"Life is like a comedy since I had my son"
As Foyle's War returns for a new run, actress Honeysuckle Weeks talks about spies, siblings and scrambled eggs with Jeananne Craig
A few years ago, Honeysuckle Weeks - known to millions of TV viewers as the rather serious Sam Stewart in hit drama Foyle's War - revealed she was keen to do more comedy.
These days, the actress (known to pals as H-Sucks) is as fun-loving as ever, but isn't so sure about playing it for laughs.
"I must have said that before I had a kid (she has a three-year-old son, Wade) - my life is just one big comedy now," the Cardiff-born, Sussex-raised actress sighs in her soft, low tones.
"Every time I go out the door looking smart, I've got some sort of smear of scrambled egg somewhere. Or something grim is hanging in my hair. So I'd quite like to be taken seriously in my professional life!"
She says she fancies "something nice and gritty, like The Bridge or The Killing or something Homeland-y", but adds, "it's always good to make people laugh".
First, she's back on screen in a new series of award-winning ITV period drama Foyle's War, written by acclaimed novelist and screenwriter Anthony Horowitz.
Three more two-hour films have been made, inspired by real Cold War events and following MI5 senior intelligence officer Christopher Foyle (Michael Kitchen), and driver and sidekick Sam (Weeks).
"We're in the world of MI5, we're in the world of espionage, we're in the world of double crossings," Weeks says, brimming with enthusiasm.
"It's about the fallout from the war and changing allegiances. Everyone's got two different strands to their thinking - the personal identity and who they say they are, and the other identity, which is maybe their more secretive political leanings."
It's all change for Sam, who is now expecting a baby with her politician husband Adam (Daniel Weyman), and is trying to keep it a secret from Foyle.
"Things aren't exactly rosy (between Sam and Adam), but neither are they too tense. They're a married couple going through the normal frustrations and frictions, but they love each other and she supports her husband," Weeks explains.
"Adam doesn't want her to hide (her pregnancy) from Foyle, he wants her to give up her job. And in episode one, we see the issue of women having to relinquish their wartime roles in the workplace because the Government was encouraging them to go back home, and obviously the men were returning from war and wanted their jobs back. We see a lot of frustration among us womenfolk at having to do that."
Every script is a bit of a history lesson, admits Weeks, who recently filmed an upcoming episode of the BBC One crime show Death In Paradise in Guadeloupe ("It's a really fun set out there - the rum is positively gut-rotting, very strong ...").
"On the last page of pretty much all of the scripts I've read from Anthony, there's a sort of biographical coda where he lists the real-life characters on which the script has been based, so that's very interesting."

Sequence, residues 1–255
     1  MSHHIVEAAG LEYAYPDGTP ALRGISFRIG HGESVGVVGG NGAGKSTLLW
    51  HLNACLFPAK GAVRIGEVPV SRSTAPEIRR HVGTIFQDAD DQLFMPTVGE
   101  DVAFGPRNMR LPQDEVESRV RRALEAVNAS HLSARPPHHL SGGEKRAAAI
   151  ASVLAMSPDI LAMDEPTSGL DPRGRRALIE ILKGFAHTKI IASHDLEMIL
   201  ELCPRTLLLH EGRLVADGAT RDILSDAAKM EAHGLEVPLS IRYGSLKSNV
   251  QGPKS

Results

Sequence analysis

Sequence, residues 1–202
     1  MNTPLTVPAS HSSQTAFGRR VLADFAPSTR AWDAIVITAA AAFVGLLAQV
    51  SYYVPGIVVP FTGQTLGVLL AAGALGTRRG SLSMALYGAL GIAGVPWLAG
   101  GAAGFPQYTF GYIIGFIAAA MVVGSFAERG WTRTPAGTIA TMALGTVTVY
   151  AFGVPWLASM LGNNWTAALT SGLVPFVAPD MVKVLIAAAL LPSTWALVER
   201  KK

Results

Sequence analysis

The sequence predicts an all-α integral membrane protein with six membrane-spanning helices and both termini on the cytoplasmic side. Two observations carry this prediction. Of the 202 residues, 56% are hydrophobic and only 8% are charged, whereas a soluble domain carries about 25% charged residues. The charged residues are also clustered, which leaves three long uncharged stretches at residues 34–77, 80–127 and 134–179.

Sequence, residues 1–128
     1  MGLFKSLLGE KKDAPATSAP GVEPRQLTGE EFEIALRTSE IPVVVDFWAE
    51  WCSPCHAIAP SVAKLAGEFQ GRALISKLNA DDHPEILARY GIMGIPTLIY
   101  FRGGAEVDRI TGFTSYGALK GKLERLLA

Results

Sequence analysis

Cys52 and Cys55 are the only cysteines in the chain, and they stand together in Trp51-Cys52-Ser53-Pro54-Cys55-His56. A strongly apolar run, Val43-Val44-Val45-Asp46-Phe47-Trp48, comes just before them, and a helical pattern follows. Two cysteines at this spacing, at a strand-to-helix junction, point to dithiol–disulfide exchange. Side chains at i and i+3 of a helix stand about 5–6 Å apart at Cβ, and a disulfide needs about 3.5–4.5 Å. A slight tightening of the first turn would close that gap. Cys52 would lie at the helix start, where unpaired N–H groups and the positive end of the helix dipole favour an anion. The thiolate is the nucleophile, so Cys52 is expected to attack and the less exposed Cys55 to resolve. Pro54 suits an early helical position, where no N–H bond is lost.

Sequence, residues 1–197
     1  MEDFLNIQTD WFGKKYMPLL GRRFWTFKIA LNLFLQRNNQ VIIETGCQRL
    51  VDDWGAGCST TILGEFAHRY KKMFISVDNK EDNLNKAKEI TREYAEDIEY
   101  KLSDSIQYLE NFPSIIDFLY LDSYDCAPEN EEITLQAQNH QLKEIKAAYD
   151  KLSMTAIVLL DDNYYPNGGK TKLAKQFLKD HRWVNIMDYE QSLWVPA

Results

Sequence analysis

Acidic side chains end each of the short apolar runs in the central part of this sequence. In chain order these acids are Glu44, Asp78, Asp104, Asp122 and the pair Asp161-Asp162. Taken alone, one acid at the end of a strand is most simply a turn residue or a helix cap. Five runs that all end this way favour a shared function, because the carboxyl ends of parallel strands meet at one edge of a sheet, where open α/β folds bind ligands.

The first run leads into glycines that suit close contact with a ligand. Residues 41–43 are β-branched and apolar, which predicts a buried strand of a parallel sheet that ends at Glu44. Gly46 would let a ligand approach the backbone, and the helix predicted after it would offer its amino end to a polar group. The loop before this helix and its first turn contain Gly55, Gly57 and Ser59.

Wade, Weeks' son with hypnotherapist husband Lorne Stormonth-Darling, accompanied her to Liverpool, where the series was filmed.
"If I had a few scenes off in the middle of the day, he'd come in for lunch and cause havoc by running around in the make-up truck, pulling all the drawers out and taking out all the hairpins," she says with a laugh.
Foyle's War has proved a hit with viewers since it first hit screens in 2002, and Weeks says of the show's enduring success: "It's very, very well written, the way they're put together is something else. And they get in very good actors for the guest roles. Let alone Michael ..."
The actress has struck up a firm friendship with Kitchen, a very private star who rarely gives interviews.
"He's not dissimilar to Foyle, although he's more into rock 'n' roll", she says of the Out Of Africa actor.
"He's quite into his music scene, Michael, and also he's quite a comedian. You wouldn't think that, would you? He's a concert pianist as well. And a bit of an ace on the tennis court, too."
Weeks herself caught the acting bug young, and made her first TV appearance in 1993 having won the lead role in an adaptation of Anne Fine's Goggle Eyes, alongside her younger sister, Perdita. More TV roles followed, and she also found time to study English at Pembroke College, Oxford.
Her younger brother Rollo is also an actor, and the Weeks household was quite a theatrical one.
"I've been putting on plays since I was about 10. I did the nativity play every year from that age until I was about 14 - my sister was born on Christmas Day, so she would always play the lead role," Weeks recalls. "I couldn't do a Kenneth Branagh and be director and lead actor!
She's now looking forward to seeing how her Foyle's War alter ego copes with being a mum. "I think she's probably going to be quite strict. Loving, but with an iron rule. Not necessarily iron - copper rule, maybe ..."
- Foyle's War returns to UTV tomorrow at 8pm